Our website uses cookies.

Attractions

Colosseum & Roman Forum

The Colosseum, also known as the Flavian Amphitheatre is a top monument in Italy and has been a symbol of Rome since 80 AD. The Colosseum is the largest amphitheater ever built. It could hold between 50,000 and 80,000 spectators and was used for gladiatorial contests and public spectacles. Although partially ruined by earthquakes and stone-robbers, the Colosseum is still an iconic symbol of Imperial Rome. It is one of Rome's most popular tourist attractions.
The Colosseum is one of the most important and famous attractions and sites of history in Rome. Visiting the Colosseum is likely to be an overwhelming and fantastic experience, so this is certainly a must do. Queues are likely to be quite large, considering the popularity of the area, and it can become very hot during the summer months, as there is little shade to be had. For that reason, go prepared with a hat, sun-cream, and plenty of water. The Colosseum dates back to 70AD and was commissioned by Emperor Vespasian, as a gift to the people of Rome. The Colosseum opened for functions in AD 80 and was the site of many famous gladiatorial fights and animal fights. The time and the weather have taken its toll on some of the Colosseum, but it is still in fantastic condition, and you can almost hear the whispers of time when you enter this iconic site of history.

St. Peter's Basilica

The world-famous Saint Peter’s Basilica is an Italian Renaissance church located in Vatican City, the papal enclave within the city of Rome. As the symbol and heart of Christianity, the Saint Peter’s Basilica is one of the largest Catholic churches in the world and its dome can be seen from all over Rome. Build on the burial site of Saint Peter, the Basilica is the epicenter of the Catholic Church. This is also the burial place of many popes, including Pope John Paul II. Saint Peter's Basilica took 120 years to complete involving some of the greatest architects of its time. Enter into this extraordinary sanctuary and discover the faith and stories of popes, artists and pilgrims told through the universal language of art.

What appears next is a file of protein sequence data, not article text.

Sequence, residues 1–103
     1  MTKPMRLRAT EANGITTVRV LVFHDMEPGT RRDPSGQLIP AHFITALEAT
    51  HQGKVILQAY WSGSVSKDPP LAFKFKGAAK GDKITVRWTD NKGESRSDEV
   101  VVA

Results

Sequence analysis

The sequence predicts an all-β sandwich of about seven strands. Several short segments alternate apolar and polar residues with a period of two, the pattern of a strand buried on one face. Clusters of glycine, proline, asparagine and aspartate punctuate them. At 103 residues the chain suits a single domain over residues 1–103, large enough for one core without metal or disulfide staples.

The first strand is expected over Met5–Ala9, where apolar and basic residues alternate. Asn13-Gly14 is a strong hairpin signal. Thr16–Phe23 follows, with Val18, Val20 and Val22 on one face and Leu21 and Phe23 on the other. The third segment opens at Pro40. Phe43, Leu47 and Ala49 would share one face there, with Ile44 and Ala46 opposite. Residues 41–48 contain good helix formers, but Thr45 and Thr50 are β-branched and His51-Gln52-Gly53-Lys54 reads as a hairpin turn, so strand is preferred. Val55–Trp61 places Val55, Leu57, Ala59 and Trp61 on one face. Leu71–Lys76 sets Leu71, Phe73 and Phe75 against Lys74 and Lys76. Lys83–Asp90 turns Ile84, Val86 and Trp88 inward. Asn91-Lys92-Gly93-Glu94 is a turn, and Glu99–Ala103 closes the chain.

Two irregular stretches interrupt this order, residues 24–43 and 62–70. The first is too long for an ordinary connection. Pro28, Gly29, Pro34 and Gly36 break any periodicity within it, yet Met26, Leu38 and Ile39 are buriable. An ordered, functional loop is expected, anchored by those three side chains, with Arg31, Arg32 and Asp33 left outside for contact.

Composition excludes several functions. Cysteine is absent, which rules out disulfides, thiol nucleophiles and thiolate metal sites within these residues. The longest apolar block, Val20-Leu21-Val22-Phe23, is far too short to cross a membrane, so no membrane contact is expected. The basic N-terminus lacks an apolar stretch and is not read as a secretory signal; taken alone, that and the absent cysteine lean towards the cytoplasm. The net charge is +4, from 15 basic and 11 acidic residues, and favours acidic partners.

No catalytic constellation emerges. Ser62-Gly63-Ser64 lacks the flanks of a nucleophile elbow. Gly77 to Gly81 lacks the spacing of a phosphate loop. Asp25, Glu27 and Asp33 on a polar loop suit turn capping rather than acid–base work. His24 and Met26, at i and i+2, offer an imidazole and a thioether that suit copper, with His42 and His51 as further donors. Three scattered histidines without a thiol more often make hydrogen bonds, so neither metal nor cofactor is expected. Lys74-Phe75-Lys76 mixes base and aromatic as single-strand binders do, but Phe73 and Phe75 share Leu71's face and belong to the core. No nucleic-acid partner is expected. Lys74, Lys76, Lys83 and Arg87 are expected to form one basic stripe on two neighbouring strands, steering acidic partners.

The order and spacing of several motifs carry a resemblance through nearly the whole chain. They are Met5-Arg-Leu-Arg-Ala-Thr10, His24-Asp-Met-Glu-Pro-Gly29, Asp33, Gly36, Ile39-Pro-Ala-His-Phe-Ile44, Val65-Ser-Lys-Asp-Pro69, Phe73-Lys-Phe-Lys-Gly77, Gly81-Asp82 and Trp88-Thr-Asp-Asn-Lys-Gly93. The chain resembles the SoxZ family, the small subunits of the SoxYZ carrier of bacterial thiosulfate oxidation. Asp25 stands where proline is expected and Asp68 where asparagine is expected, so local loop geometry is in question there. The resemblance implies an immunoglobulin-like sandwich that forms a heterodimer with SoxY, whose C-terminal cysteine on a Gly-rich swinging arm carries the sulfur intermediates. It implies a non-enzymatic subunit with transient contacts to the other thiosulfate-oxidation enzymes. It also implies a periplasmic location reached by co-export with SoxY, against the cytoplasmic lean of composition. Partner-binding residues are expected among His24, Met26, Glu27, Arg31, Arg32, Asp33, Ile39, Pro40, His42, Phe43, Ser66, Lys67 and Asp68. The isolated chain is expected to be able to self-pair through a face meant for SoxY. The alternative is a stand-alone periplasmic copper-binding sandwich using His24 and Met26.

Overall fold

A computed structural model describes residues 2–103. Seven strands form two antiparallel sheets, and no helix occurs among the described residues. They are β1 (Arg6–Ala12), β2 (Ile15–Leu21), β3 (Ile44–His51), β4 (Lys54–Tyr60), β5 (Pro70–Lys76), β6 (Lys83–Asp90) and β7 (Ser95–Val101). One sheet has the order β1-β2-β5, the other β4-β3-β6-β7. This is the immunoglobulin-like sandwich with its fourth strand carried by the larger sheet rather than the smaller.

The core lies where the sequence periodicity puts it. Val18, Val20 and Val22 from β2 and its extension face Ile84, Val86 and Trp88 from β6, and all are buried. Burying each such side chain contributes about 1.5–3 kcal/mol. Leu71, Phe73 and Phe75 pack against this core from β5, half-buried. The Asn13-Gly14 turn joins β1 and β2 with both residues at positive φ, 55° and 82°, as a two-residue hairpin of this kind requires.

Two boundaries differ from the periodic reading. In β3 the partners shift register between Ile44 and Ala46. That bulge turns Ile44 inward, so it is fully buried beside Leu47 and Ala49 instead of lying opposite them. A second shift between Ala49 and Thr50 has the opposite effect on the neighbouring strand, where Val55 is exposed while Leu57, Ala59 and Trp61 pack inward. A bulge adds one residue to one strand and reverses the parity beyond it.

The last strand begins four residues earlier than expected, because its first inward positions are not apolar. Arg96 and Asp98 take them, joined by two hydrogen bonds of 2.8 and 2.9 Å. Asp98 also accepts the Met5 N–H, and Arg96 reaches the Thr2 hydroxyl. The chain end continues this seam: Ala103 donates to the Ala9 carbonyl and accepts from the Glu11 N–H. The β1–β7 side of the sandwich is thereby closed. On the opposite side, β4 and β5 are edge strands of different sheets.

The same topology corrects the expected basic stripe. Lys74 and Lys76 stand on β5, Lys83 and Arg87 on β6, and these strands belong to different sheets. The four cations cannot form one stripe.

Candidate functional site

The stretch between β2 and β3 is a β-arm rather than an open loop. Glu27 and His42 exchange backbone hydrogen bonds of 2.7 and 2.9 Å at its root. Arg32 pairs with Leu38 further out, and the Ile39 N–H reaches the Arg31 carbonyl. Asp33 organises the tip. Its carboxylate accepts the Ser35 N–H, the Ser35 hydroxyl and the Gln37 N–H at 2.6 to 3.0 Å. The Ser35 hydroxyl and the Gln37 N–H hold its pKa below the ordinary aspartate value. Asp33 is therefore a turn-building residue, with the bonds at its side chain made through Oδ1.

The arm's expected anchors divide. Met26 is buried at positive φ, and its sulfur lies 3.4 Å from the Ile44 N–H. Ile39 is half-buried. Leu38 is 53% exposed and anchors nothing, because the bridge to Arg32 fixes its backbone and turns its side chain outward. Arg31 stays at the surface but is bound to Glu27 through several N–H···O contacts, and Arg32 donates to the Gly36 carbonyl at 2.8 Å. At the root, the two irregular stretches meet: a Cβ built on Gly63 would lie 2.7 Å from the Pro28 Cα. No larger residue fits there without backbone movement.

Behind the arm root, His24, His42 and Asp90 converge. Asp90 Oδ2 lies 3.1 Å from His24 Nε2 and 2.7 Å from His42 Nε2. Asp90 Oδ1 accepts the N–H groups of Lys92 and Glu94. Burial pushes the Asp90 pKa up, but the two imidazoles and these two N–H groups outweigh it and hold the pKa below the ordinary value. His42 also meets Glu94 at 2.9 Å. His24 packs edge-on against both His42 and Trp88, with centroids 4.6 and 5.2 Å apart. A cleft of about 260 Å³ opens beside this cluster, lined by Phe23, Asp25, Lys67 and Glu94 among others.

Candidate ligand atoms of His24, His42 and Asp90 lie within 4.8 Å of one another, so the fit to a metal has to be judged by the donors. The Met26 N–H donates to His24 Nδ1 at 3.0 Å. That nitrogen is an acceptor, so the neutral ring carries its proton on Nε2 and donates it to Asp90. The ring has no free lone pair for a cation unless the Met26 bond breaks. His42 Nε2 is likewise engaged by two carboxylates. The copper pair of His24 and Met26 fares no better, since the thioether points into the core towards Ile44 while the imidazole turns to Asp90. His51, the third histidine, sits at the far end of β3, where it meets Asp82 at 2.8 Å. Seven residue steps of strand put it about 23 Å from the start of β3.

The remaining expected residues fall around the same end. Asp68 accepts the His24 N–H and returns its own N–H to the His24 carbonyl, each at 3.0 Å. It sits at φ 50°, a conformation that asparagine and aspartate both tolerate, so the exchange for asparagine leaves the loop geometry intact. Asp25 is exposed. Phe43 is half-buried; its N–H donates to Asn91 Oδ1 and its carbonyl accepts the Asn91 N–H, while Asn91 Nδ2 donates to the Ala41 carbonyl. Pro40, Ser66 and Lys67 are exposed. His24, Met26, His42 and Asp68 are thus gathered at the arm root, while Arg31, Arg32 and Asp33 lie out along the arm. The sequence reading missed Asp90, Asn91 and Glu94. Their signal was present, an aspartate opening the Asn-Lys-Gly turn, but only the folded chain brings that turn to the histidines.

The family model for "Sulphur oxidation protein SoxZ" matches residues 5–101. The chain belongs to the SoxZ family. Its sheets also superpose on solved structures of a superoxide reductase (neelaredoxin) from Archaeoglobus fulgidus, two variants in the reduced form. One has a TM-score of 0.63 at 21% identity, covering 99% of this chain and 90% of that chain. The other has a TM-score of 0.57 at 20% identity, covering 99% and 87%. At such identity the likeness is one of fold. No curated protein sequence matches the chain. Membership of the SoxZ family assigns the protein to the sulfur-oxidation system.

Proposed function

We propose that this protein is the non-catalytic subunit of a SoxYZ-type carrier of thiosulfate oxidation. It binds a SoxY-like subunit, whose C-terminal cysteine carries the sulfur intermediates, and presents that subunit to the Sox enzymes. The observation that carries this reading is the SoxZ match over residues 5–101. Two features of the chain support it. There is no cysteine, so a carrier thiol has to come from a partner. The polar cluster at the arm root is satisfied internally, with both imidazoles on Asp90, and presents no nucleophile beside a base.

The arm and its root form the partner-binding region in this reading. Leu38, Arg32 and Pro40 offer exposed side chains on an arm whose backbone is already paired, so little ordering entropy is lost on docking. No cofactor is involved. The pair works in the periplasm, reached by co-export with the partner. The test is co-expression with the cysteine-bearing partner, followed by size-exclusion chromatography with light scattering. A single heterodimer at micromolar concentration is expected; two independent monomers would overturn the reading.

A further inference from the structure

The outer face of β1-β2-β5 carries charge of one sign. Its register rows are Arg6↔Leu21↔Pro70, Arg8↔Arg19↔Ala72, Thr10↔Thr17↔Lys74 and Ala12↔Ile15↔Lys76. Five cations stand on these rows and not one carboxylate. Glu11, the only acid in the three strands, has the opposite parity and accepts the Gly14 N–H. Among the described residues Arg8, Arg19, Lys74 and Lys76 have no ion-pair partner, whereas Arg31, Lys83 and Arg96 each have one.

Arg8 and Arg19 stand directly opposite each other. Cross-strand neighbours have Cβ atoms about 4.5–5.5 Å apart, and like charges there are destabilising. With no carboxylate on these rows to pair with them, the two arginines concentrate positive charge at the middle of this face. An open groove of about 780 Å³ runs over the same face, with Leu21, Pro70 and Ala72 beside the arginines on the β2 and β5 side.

Catacombs of Rome

Popularized by the movie Indiana Jones, the Roman Catacombs are ancient underground burial places underneath Rome and its outskirts (there are at least forty, some of them discovered only in recent decades). Those kilometers of underground cemetery are some of the oldest burial tunnels in the world. Situated just outside the city of Rome, the catacombs were created in response to a shortage of land for deceased’s remains. Today the narrow tunnels are eerily quiet but full of Roman history, including some of the best-preserved early Christian frescoes and sculptures. Some of the catacombs are well known and open to visitors, while others are still scarcely explored.
The rather gruesome, yet extremely interesting Catacombs of Rome are a very popular spot to visit in the city. A former underground burial spot, the catacombs date back to the 2nd century and were used mostly by Christians and Jews at the time. The use of catacombs ended in the fifth century, but you can visit today and explore the underground chambers. Throughout the entire city, there are 60 catacombs in total, but only five of them are open to public viewing, these are the Catacombs of San Sebastiano, San Callisto, Priscilla, Domitilla, Sant Agnese. It is a fascinating way to see a different side of Rome. The various catacombs all have different opening and closing times, but during the main summer season, when Rome is at its busiest, most of the sites are open from 9 am until 12 pm, and then again at 2 pm until 5 pm or 6 pm.

St. Peter's Dome

What may be one of the most recognizable features of Italy doesn't technically stand on Italian soil. Saint Peter's Dome belongs to the Bramante-designed Saint Peter's Basilica in the city-nation of the Vatican. Dubbed as the highest dome building in the world as well as the grandest building in Christendom, the basilica’s dome is not only an iconic piece of architecture but also a symbol for Catholics around the world. The dome was designed by Michelangelo, who worked on the construction of the basilica beginning in 1547. The great dome soars above the altar and the Baldacchino, sumptuously embellished with mosaic and stucco ornaments: a must visit for travelers visiting Saint Peter's Basilica.